OC for you.

    • @ZytaZiouZ@lemm.ee
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      6
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      6 months ago

      Like the other person commented, I would suggest trying Krita (open source/native painting or graphics program. That isn’t my forte, but my understanding is Krita is a professional grade program that is actually used for professional work.

      Edit: I ironically found this: https://docs.krita.org/fr/user_manual/introduction_from_other_software/introduction_from_sai.html

      With that said, there is a useful program to help setup Wine called “Bottles”. It’s all graphical, and gives tons of options to tweak to try to get programs running. It has dramatically helped me get done other odd professional type software running.

      One long shot thing to try: check the file properties of the program installed on wine, and make sure “executable” is enabled. It’s a handy security thing to prevent random files from hiding malware, but can be a pain to new users.

      An extreme solution is running a program in a Windows virtual machine. If you go that route, I highly recommend doing some research. The simplest to me solution I’ve found is Virtualbox, and I believe you can even directly pass USB devices through to the virtual machine, but since of the other solutions are supposed to work better.

    • @Sureito@feddit.de
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      56 months ago

      Two things:

      • Could be Wayland. I had wine troubles in the past because if that
      • Have you tried Krita?
      • TheEmpireStrikesDak
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        26 months ago

        I’m too noob to know what either of those things are. I looked them up and I’m still scratching my head lol

        Yesterday was only my second time logging onto the Linux box, so I have a lot to learn.

        I tried on both wine and playonlinux, but had the same issue both times. So I’ll try a simple text editor or something and see if that works.

        I really don’t wanna have to go back to Windows.

        • @ArcaneSlime@lemmy.dbzer0.com
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          46 months ago

          Kitra is a different drawing program native to linux. Linux also has native text editors, is there a reason you need these specific windows programs or would an alternative work, like gedit instead of windows notepad?

          • TheEmpireStrikesDak
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            16 months ago

            The text editor I’ll try just to see if I’m doing the installation properly, nothing else.

            I paid for SAI and I’ve used it for about 15 years. I really love it. My artwork is all saved in SAI format. Worst case, I’ll have to install it on the windows hard drive.

        • @MiddledAgedGuy@beehaw.org
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          36 months ago

          So you’re brand new to Linux and you’re already hacking away at something you don’t understand well. Good for you! That’s how you learn 😊.

          That being said, getting (as you’re learning) and keeping software running in wine can be frustrating. I’d suggest using an open source alternative if possible. Hopefully the one others recommended is a good fit for you. And a bonus, one less piece of proprietary software you rely on, which imo is always a good feeling.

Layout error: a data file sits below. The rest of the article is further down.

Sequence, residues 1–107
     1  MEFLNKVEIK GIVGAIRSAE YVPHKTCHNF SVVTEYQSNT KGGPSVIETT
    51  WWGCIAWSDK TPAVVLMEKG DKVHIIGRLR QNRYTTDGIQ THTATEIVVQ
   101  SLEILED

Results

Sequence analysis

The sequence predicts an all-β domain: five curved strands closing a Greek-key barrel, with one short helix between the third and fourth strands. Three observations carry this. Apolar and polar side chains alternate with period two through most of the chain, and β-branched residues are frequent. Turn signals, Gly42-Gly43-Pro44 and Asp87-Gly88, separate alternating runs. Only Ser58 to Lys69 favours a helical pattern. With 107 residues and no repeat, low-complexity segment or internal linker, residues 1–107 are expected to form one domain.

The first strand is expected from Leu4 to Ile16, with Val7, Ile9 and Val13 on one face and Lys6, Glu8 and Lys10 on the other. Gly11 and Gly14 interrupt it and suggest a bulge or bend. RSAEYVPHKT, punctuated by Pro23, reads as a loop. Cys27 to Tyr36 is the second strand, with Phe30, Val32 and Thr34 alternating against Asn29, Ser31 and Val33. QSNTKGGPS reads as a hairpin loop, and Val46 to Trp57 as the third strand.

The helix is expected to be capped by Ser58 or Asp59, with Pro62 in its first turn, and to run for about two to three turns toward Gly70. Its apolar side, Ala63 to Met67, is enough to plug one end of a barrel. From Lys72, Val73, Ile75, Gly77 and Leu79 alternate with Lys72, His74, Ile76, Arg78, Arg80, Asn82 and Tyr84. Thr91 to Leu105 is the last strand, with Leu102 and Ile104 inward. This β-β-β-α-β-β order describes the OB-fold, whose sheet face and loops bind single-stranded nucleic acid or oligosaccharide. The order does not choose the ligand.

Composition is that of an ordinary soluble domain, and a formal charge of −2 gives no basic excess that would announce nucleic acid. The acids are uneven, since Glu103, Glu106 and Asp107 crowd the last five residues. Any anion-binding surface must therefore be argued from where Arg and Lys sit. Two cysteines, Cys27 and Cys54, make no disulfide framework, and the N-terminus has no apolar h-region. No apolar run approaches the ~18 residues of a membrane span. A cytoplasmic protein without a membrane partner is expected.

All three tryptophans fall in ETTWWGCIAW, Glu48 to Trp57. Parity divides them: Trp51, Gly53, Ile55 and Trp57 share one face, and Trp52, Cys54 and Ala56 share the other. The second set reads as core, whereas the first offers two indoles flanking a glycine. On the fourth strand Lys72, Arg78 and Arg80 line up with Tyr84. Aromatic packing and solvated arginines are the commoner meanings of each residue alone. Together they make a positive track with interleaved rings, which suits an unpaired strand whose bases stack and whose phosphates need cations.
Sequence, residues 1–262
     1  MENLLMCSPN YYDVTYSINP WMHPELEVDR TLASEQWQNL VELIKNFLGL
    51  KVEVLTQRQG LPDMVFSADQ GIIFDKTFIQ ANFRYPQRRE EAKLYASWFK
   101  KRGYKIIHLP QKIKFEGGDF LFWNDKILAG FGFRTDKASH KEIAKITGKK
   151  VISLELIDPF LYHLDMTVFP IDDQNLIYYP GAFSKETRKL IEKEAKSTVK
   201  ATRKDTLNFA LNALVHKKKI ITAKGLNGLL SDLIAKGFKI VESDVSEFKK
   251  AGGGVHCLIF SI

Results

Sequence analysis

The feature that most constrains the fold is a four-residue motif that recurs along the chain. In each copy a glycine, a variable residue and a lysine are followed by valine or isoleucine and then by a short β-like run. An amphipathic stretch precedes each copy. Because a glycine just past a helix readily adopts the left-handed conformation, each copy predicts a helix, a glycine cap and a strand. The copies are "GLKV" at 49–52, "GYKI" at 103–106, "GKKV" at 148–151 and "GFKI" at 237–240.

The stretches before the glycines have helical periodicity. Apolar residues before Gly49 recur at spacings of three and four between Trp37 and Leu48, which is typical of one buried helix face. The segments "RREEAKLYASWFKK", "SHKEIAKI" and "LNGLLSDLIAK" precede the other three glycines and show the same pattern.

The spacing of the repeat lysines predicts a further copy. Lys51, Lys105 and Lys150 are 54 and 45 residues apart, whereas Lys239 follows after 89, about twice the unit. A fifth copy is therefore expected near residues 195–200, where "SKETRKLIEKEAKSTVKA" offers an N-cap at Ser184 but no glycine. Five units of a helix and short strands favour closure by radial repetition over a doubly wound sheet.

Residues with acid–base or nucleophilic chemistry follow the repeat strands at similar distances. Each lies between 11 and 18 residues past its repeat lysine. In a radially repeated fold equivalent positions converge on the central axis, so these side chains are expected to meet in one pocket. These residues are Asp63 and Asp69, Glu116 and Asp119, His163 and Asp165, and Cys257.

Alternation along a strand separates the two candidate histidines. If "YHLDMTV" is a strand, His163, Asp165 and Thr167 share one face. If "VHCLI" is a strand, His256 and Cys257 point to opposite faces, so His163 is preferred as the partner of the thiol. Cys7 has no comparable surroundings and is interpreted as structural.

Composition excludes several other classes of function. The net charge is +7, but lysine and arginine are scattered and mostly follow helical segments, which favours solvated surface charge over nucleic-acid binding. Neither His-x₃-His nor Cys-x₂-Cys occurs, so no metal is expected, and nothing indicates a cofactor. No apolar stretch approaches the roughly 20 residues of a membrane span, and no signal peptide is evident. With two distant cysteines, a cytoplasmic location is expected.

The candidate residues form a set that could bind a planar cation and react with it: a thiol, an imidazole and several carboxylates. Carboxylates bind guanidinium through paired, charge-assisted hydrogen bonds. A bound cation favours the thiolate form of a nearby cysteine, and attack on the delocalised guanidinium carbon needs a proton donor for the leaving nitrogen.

Good luck, and welcome to Linux!

          • TheEmpireStrikesDak
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            16 months ago

            Thanks, man. Well it’s on its own hd and I don’t have anything important on it, so why not mess around. I’ve been wanting a Linux box since 2000 haha finally got my dream.

            Do you reckon it’s worth trying to install any of these? XD

            I got notepad++ to install via play on Linux, so I think it’s just this particular program that’s not cooperating.

            https://askubuntu.com/questions/1048242/wine-crashes-when-trying-to-open-an-app-through-playonlinux

            This is the exact same issue I’m having. In the end I just installed all my art stuff on Windows :(

            • @ZytaZiouZ@lemm.ee
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              26 months ago

              With Linux 99% of the time you should use the software repository or “store” or “Discover”. You’ll get the latest supported version on your Linux, it takes care of updating, and in my experience it’s worlds more reliable than Windows store. Also poke around and see what’s available; it’s all free software and should be perfectly safe.

                • @MiddledAgedGuy@beehaw.org
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                  16 months ago

                  sudo is “super user do”. The equivalent of Run as Administrator in Windows for whatever command suffixes it. Ideally you don’t want to use this unless you have to, but it might take some time to learn where that line is.

                  What they’re talking about is a gui based software installer. I assume it runs the dnf or apt or whatever commands for you.

            • @MiddledAgedGuy@beehaw.org
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              16 months ago

              Oh man trying to run old Linux software on a modern distro would be a painful experience!

              Your desktop environment may already come with a capable text editor with syntax highlighting and all that. You should give a go.